Who Slays the Wicked (Sebastian St. Cyr Mystery Book 14)

Written by C.S. Harris
Review by Loyd Uglow

At one time, Sebastian St. Cyr, himself, had been hunted for crimes he did not commit. Now, however, on a spring day in 1814, the law is looking for him for quite a different reason. Magistrate Sir Henry Lovejoy wants his services in solving a grisly crime, the murder of young Viscount Ashworth, a wealthy nobleman and son of an even wealthier peer. What makes this a special crime is that Ashworth has the reputation, well-earned, of being a man of sadistic and insatiable sexual appetites that he has made little attempt to hide. But for St. Cyr, another element is of extraordinary significance—just months earlier, Ashworth had wed St. Cyr’s beautiful niece, Stephanie.

It is a portentous year for England, with Napoleon at last reeling before the allied great powers. Judicious royal marriages will ensure peace during this coming new order, and one candidate for such a marriage, the Russian Czar’s stunning sister Catherine, is in London. St. Cyr must sift through this and other connections to Ashworth as more people turn up dead, seemingly victims to random crime.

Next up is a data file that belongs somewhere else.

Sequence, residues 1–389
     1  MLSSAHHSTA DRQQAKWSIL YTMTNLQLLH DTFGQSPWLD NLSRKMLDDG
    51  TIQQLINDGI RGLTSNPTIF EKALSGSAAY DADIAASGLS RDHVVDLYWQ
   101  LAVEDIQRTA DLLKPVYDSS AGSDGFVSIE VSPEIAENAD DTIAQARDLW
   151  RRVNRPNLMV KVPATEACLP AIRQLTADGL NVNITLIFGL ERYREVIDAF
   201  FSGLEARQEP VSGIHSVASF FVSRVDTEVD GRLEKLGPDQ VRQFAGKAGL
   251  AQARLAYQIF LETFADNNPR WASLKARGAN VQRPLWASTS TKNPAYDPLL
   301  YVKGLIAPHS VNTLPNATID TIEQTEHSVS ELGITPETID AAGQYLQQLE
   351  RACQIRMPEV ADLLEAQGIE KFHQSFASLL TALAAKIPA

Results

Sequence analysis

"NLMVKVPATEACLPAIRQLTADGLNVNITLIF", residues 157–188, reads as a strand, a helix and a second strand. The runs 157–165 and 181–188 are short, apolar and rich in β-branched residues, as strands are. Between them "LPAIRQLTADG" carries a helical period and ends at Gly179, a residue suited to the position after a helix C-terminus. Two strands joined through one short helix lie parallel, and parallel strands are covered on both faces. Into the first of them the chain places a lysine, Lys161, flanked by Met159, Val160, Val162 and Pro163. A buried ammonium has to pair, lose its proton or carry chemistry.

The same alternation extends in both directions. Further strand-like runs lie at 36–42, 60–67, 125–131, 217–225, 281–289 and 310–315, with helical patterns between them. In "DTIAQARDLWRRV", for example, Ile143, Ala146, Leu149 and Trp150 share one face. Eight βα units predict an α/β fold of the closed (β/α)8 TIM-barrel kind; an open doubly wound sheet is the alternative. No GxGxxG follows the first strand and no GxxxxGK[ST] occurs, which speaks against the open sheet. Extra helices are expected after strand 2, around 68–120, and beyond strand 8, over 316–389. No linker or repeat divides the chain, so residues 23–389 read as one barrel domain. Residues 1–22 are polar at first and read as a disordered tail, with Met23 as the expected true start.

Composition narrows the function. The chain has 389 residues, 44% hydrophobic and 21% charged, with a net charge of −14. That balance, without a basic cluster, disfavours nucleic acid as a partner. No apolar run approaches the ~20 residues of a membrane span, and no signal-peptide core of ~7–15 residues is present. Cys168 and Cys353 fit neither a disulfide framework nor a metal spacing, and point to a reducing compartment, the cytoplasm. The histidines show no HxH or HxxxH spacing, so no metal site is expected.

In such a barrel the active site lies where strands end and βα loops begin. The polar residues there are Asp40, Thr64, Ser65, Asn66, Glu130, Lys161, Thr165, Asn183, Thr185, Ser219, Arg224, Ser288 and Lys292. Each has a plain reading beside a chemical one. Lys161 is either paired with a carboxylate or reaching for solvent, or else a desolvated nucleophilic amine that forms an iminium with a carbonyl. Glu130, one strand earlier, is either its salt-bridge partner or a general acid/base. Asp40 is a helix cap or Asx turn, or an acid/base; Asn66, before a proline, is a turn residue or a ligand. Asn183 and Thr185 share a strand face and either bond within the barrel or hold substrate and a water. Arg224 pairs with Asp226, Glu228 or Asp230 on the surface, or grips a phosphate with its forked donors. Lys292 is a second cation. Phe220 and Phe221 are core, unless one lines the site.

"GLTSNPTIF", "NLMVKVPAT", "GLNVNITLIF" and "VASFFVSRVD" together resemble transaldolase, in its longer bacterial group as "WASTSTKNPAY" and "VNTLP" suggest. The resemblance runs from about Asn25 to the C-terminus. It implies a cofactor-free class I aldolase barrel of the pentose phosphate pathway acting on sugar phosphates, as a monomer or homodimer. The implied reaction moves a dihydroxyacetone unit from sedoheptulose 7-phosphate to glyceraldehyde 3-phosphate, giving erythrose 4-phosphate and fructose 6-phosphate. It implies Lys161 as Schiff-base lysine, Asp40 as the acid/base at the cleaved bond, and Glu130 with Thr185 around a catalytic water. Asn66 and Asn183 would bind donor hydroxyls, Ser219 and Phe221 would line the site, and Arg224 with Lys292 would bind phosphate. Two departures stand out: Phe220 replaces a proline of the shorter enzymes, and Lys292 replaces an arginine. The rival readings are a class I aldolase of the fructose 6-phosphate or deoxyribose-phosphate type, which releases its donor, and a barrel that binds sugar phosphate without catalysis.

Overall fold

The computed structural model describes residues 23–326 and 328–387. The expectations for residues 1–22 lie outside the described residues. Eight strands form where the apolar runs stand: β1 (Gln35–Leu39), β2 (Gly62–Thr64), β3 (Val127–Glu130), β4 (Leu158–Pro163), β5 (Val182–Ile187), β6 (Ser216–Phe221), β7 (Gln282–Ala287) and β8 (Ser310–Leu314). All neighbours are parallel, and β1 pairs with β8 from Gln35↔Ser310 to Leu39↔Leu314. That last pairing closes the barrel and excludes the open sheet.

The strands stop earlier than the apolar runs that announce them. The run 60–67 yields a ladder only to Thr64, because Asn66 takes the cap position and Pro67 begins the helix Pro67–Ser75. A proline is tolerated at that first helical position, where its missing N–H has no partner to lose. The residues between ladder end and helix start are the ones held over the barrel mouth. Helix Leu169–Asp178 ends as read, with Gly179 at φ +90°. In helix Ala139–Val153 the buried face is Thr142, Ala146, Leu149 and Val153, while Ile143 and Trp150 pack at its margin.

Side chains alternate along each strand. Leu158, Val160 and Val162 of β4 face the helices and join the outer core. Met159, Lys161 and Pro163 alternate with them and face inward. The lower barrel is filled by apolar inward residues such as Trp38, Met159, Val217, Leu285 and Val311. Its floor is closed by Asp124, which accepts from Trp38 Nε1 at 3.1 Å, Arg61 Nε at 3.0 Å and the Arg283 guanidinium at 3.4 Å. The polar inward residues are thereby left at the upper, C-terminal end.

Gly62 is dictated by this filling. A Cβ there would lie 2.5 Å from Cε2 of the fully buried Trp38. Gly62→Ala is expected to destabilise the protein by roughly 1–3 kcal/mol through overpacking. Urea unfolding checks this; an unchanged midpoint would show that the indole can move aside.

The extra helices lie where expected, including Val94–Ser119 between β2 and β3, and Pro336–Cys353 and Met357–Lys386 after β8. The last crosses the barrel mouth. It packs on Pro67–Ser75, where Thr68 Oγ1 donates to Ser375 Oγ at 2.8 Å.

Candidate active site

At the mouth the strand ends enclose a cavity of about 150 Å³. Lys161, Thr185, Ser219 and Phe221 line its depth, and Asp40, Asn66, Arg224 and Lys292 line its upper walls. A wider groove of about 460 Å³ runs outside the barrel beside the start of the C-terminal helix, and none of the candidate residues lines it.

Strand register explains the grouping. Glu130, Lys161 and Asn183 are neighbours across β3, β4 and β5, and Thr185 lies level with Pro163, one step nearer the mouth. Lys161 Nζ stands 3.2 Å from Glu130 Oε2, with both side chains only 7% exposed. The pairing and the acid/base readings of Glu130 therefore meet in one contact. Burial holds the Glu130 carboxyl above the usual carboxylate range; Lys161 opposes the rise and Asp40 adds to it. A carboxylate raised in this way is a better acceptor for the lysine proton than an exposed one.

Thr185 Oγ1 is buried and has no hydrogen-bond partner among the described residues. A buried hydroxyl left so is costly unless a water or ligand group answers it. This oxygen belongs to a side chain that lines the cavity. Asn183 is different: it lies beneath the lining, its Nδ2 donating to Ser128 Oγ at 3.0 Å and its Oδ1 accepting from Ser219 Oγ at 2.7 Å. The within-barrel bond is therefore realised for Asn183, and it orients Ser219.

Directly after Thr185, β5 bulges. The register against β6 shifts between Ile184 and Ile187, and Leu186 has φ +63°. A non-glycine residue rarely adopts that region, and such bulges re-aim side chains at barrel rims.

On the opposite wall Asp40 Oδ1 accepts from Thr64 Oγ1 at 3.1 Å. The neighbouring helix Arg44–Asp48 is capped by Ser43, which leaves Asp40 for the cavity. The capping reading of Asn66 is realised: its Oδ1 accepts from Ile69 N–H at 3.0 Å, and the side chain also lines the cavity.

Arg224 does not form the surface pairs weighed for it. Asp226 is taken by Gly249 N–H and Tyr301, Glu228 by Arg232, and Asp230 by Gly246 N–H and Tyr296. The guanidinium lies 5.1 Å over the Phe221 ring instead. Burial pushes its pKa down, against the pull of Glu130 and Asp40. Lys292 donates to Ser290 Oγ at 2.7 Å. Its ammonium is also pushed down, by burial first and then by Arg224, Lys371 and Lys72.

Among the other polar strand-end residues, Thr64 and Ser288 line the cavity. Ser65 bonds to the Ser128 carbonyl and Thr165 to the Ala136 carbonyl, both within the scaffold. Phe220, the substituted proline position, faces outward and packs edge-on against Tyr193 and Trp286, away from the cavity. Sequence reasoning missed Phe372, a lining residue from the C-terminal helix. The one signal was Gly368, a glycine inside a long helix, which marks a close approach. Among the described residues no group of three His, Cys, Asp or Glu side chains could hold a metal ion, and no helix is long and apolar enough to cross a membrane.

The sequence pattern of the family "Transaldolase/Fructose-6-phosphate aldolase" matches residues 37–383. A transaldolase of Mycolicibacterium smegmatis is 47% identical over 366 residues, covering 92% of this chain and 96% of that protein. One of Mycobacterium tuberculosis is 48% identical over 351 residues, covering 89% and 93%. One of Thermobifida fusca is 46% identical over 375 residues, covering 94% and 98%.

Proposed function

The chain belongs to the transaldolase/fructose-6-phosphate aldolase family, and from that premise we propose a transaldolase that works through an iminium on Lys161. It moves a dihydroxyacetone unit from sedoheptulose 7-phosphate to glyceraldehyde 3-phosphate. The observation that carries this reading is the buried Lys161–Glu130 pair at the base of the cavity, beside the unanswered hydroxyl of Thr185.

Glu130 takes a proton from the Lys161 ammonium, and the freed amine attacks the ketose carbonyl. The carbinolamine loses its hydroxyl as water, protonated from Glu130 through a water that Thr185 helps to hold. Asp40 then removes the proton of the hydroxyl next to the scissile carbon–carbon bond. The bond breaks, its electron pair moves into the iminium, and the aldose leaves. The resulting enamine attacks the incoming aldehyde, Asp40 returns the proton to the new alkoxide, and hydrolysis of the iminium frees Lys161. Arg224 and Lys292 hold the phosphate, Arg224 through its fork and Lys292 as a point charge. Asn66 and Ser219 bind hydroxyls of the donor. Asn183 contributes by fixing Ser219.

The tale is a first-rate mystery, plain and simple, set against the backdrop of Regency England. Author Harris deftly presents gruesome and depraved crimes in a manner that retains their impact without sinking into obscenity. The book may engender admiration for the ability of Britons to keep track of the multiple names of aristocrats. For example, the Viscount Devlin, St. Cyr is sometimes referred to as Devlin. The story is well-paced and intriguing, with strong characterization at all levels, and it builds to a suspenseful and satisfying finish. I’ll want to read more of St. Cyr’s adventures.